What many Western readers of the Shig Sato series may not realize is that farming – livestock, grain, vegetable, fruit, any combination and variety – can be found in most of the nation’s 47 prefectures. Almost any grocery store or market will have fresh local produce, seasonal fruit, cuts of meat and poultry, and packaged foods like curry mixes and spices. (When my in-laws came to visit from Canada, flour and vanilla were found and donuts were produced in an afternoon!)

One may not think of baked goods when thinking of Japanese cuisine, yet the tasty sweets and snacks appeal to young and old. And it doesn’t take much to find pan – bread – and some have even embraced the staple, when it’s made with rice flour.bakedgoodies

The varied: Being an international city, Tokyo is home to an array of dining experiences any world traveler would appreciate. Michelin stars are not unknown in the city. Gourmets and foodies alike can find were the finest food is served, and also the stores that sell the products for those daring and talented enough to create at home.

Regional specialties abound. I’ll conclude with this list of a prefecture’s favorite dish. See if you don’t recognize some, and have probably eaten some others (and some not!).

Hokkaido – Grilled mutten

Aomori – Sea urchin and abalone

Miyagi – Oysters

Yamagata – Potato stewsweetpotatoes

Fukushima – Pickled herring

Ishikawa – Turnip sushi

Gifu – Potatoes with sweet chestnuts

Nagano – Buckwheat dumplings

Aichi – Deep fried chicken wings

Tochigi – Giyouza (potsticker) dumplings

Chiba – Steamed peanuts

Kanagawa – Curry

Mie – Lobster

Shiga – Duck hot pot

Osaka – Okonomiyaki

Hyogo – Kobe’s famous beer-fed beefkobebeef

Tottori – Snow crab

Tokushima – Buckwheat porridge

Nagasaki – Sasebo burger (thanks to the navy base there)

Kukamoto – Sliced horsemeat

Miyazaki – Kyushu-style fried chicken

Okinawa – Fried pork belly

To get a copy of  The Gangster’s Son click here . To get a copy of  Shig Sato Book 2 The Thief’s Mistake visit my Smashwords page or Kindle page or visit my website www.josephmarkbrewer.com— and don’t forget to sign up for my newsletter and enter the World of Shig Sato. 

A Father’s Day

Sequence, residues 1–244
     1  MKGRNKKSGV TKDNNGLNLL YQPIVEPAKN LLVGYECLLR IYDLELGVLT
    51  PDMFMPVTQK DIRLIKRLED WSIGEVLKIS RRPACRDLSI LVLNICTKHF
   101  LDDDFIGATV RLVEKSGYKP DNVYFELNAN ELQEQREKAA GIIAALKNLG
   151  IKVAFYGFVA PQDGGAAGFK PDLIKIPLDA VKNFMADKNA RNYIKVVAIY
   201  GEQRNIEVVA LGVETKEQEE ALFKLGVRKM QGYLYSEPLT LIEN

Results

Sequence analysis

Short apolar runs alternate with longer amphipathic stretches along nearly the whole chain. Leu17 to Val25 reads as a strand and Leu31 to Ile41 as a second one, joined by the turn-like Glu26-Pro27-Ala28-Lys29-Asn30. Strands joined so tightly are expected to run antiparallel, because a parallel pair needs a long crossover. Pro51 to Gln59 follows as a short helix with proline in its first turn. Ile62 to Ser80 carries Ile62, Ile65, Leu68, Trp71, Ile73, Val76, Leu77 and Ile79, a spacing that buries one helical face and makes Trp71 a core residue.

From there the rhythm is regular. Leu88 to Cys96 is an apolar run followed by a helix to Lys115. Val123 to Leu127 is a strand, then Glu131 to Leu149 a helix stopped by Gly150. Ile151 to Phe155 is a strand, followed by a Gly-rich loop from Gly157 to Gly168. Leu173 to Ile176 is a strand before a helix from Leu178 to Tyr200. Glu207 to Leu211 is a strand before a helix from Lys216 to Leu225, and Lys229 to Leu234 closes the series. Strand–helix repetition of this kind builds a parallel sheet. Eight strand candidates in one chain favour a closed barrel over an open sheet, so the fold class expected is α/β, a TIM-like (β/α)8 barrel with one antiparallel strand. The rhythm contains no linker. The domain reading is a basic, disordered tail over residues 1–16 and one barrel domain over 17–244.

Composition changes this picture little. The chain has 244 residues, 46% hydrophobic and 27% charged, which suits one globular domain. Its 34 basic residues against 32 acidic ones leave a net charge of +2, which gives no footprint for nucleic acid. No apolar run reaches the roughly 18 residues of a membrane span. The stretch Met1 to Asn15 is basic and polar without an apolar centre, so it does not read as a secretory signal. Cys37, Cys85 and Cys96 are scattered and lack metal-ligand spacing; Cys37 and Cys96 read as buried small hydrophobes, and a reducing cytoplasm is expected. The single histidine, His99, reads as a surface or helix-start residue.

For fathers past, present and future, and the people love them. 
A Father’s Day
That day the alarm went off at 5 a.m. On a normal day that’d be an hour I’d be going to bed. prairierThis wasn’t a normal day, and not just because I wasn’t home. I was home, in a way. I was in the town my son lives in, a city on the Canadian prairie. It’s sort of a second home. I was visiting, and I took a motel room, and we were seeing each other and hanging out and this particular morning we were getting up at five a.m. But it wasn’t a normal day.
A trip to see the lad included a drive up to Sheho, a town of 350 on the Yellowhead Highway between Winnipeg and Edmonton.
There is a church there, and a cemetery, and the grandfather wanted to go to the church that day for it was the church’s feast day and there the priest would come from Brandon. There’d be a service in the tiny church and then there’d be a ceremony in the cemetery next door, where the grandfather’s mother and father were buried. The lad was supposed to be the altar boy. He’s an altar boy at the Orthodox pro-cathedral in town, and he was supposed to assist at this event.
The mother didn’t want the grandfather to drive, and in conversations before my arrival I said I’d be glad to go to Sheho, and that I’d drive if necessary. This was what the mother wanted. She didn’t think her father was up to driving anymore. The day before the trip I saw the grandfather and his new station wagon, and we talked, and we decided he would drive. I didn’t want to insult the man, nor argue his daughter’s case, as it wasn’t mine to argue. I was going to be a passenger. I’d keep an eye on things.